How has Brexit changed the mindset of a nation?
Brexit has unleashed a seismic wave across Europe. Margot Wallstrom, Sweden's Foreign Minister, said she was concerned that it would mean the collapse of the EU and that other EU states might want to have their own referendums too. Wallstrom is a former European Commissioner for the Environment and for Institutional Relations and Communications Strategy and so her views are very much those of an insider. In fact, major figures across the political spectrum have emphasised the impact of Brexit. President Hollande in France, for example, has said that "It's more than the future of the United Kingdom that is at stake, it's the future of the European Union" and in the Netherlands, anti-immigration politician Geert Wilders, has spoken of the need for Nexit. Even Sarah Palin in the US has even spoken of the need for a break with the United Nations so the British referendum could have a domino effect worldwide.
One group of the British population largely responsible for ignoring the messages of doom projected for Brexit, confident to step into the unknown, is the 50 plus age group. This demographic contributed more than 55% of Brexit votes, rising to 61% for the over 65s, figures that contrast starkly with the 75% of voters aged 24 and under who voted Remain (see Table below). On key issues, there are divisions in the attitudes of the young and the 50+ with just 20% of under 24s concerned as to Britain’s ability to act independently compared with 47% of the 65+. This highlights a concern on the part of the older age group for autonomy, a priority identified in research I conducted with colleague Hilary Mullen (Mullen et al, 2012).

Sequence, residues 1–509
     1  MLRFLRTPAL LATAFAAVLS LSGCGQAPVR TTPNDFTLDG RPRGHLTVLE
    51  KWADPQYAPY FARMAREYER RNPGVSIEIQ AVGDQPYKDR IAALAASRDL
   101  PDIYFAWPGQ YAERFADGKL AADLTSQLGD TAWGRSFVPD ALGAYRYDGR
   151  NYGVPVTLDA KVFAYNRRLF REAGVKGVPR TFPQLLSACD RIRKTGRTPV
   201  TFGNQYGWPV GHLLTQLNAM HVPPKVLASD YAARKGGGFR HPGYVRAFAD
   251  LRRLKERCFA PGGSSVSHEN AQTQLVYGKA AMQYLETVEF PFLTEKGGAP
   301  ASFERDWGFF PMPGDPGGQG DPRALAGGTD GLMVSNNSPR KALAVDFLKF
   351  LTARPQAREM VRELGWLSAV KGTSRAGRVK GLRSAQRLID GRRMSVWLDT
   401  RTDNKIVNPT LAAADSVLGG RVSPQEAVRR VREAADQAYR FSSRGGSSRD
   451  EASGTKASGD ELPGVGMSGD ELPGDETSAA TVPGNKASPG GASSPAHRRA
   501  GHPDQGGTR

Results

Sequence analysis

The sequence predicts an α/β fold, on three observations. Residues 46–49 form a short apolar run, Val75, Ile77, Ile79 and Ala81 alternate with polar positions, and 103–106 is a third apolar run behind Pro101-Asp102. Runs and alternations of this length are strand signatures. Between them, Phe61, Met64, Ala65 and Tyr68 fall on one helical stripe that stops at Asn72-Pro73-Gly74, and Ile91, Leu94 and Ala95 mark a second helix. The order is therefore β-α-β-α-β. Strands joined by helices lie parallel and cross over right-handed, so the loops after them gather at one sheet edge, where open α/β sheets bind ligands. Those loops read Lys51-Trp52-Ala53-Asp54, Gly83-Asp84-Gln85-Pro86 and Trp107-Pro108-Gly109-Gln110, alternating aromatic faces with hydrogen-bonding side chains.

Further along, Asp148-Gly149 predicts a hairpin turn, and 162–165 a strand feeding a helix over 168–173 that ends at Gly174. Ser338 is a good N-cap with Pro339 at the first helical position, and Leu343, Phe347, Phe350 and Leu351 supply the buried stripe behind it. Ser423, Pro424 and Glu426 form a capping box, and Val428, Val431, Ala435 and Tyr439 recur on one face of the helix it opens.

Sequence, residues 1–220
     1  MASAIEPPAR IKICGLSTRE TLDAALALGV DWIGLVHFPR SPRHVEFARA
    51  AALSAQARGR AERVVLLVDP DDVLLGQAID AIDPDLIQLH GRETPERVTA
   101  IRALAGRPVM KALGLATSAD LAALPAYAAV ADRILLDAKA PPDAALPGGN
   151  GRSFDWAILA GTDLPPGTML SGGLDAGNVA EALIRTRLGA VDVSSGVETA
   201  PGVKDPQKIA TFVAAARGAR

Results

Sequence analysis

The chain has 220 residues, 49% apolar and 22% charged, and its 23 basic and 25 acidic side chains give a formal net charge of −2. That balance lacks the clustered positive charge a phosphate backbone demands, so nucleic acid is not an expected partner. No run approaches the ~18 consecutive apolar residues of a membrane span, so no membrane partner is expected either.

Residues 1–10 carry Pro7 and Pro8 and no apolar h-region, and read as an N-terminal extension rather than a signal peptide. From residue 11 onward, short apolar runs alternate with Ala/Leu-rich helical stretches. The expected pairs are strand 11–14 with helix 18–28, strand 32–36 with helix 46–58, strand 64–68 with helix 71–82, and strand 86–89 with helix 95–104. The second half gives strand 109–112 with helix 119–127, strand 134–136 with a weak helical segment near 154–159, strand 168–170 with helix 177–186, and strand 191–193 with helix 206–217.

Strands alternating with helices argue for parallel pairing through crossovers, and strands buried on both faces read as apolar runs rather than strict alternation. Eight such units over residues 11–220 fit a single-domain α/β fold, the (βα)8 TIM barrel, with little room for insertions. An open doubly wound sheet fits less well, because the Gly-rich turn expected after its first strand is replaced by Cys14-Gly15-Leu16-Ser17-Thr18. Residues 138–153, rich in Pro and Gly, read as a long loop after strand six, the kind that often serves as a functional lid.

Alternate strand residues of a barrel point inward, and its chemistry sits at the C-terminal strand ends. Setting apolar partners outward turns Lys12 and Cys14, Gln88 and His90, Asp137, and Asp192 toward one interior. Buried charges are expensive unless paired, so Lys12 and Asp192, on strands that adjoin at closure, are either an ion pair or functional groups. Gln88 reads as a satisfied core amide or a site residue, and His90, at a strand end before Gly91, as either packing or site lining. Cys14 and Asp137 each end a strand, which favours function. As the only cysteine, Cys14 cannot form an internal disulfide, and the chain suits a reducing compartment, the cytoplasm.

The baby boomers are renowned for two distinctive generational characteristics, individualism and liberalism. This individualism rests on a number of bases. First, it involves a distinctive orientation away from formal authority, bolstered by their association with various 1960s countercultures and their distrust of ‘the establishment’ in its various cultural and institutional guises.
The baby boomers’ liberalism is important because of the impact that it has already had on reshaping and reconfiguring the personal circumstances of the baby boom generation and because of its potential impact on shaping their demands in the future. In terms of the former, there are clear implications for family structure and, by extension, for a whole series of systems and institutions whose viability is predicated on that structure remaining stable.
According to YouGov, the main reasons people voted Leave were immigration and sovereignty, the latter being the Eurosceptic idea that the U.K. has given away power to the EU.
Innovation and the 50+
There are important lessons for the workplace. Innovation - the adoption of ideas that are new to the world – relies on a sense of autonomy, social rule independence and high self-confidence (Patterson et al., 2009), elements that characterise the actions of Britain’s 50 plus in stepping into the unknown territory of Brexit. Significantly, innovation is critical for organisational long-term prosperity and survival, particularly in dynamic markets.